If you really want to see how efficient steam heat is you should look at the fuel comparison charts on the coal pail forum and then look at coal boilers that are used to make steam as they take little power to run-110 volts and the traveling bed coal stokers(110 volt) that burn pea sized anthracite and the underfed pot stokers(110 volt that burn rice coal make lots of steam with low fuel consumption.

    The thing is that these boilers have a hold fire timer that lets the stoker run a few minutes per hour to maintain the fire to make steam or hot water when there is no call for heat and a coal stoker used for steam will generate a huge amount of dry steam with very low fuel use.

    I run hot water baseboard with my coal stoker and I hate it.
    I wish I had steam heat but for 12 dollars a day to heat the poorly insulated place with 225 feet of 3/4" fin tube baseboard I no longer need to think about burning oil ever again.
  • JohnNY
    JohnNY Member Posts: 2,650
    I'm often asked to provide cost comparisons for steam heating via municipal (Con Ed) steam here in NYC vs having a boiler.
    Surprisingly, the boiler always wins. Just saying.
    Contact John "JohnNY" Cataneo, Master Plumber
    in New York
    in New Jersey
    for Consulting Work
    or take his class.
  • Solid_Fuel_Man
    Solid_Fuel_Man Member Posts: 2,257
    I'm still curious as to the 70 degree condensate, knowing that almost impossible even with radiant slab and water.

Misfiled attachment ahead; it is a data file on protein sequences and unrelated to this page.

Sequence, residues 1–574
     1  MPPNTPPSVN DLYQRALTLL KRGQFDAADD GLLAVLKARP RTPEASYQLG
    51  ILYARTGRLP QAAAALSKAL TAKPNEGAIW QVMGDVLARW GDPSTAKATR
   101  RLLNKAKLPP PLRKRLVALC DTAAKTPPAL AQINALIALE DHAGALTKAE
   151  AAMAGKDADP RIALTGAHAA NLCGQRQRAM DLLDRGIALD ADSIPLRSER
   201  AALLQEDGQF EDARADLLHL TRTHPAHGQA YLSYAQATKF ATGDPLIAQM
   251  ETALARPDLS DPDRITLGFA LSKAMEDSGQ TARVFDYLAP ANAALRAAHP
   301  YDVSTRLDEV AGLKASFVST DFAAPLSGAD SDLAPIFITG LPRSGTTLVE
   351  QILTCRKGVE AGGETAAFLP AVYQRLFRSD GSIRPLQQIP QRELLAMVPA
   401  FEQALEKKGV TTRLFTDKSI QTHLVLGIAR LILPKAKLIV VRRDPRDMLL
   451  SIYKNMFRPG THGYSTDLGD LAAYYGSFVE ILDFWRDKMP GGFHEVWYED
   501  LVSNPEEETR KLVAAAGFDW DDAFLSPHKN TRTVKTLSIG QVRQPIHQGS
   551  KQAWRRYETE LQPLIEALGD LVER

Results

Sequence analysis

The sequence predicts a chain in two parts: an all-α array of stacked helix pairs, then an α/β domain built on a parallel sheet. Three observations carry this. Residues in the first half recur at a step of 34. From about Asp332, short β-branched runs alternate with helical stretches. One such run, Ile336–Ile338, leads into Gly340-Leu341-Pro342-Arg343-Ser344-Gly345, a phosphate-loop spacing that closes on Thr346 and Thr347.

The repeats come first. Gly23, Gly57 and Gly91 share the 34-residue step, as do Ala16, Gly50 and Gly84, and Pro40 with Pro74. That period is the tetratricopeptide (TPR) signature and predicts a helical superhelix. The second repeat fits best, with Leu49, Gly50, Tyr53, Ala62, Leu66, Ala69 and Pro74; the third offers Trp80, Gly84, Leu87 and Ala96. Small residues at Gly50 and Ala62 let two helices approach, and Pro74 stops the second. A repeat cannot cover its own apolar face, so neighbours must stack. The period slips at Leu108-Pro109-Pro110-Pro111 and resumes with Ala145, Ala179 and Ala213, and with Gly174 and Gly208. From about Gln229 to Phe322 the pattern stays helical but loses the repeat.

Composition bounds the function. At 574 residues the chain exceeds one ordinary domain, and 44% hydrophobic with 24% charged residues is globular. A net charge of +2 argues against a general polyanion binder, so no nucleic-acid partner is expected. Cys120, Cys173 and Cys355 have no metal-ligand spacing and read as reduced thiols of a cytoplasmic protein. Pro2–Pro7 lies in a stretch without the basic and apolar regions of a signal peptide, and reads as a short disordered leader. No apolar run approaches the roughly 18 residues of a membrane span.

I'll be home tomorrow (working on the road) and I'll get a real wattage consumption number for a real world mod/con system with two pumps total. I think some of this electrical consumption numbers are way over estimated for water systems.

    Other than residential sized systems, all the steam systems I work on have at least one condensate return pump.
    Serving Northern Maine HVAC & Controls. I burn wood, it smells good!
  • Steamhead
    Steamhead Member Posts: 14,413

    I'm still curious as to the 70 degree condensate, knowing that almost impossible even with radiant slab and water.

    In a 2-pipe system with properly functioning traps/water seals/orifices, you're not going to get much heat in the dry returns. What little there is has usually dissipated by the time it reaches the boiler.

    Other than residential sized systems, all the steam systems I work on have at least one condensate return pump.

    Which probably isn't needed. We're in the process of removing one from a Dunham system right now.
    All Steamed Up, Inc.
    Steam, Vapor & Hot-Water Heating Specialists
    Oil & Gas Burner Service
    Consulting
  • RayWohlfarth
    RayWohlfarth Member Posts: 877
    @The Steam Whisperer (Formerly Boilerpro) Thank you so much. That is exactly what I am looking for. I heard the DOE suggests a 40% loss on ducted systems.
    Thanks @Canucker , @jumper , @Steamhead , @leonz , @JohnNY , @Solid_Fuel_Man
    Ray Wohlfarth
    Boiler Lessons
  • RayWohlfarth
    RayWohlfarth Member Posts: 877
    Now here is something else to consider. It is a running joke that you can tell which rooftop is not working by the one with the snow on top. How much is lost to the air? If you are doing a snow melt, you would need 350-450 Btu's per square foot. Would that not be that same loss for the rooftops?

    The other question is would radiant heat be less expensive because it is not heating the air and only the objects? Seems the like volume would be much lower.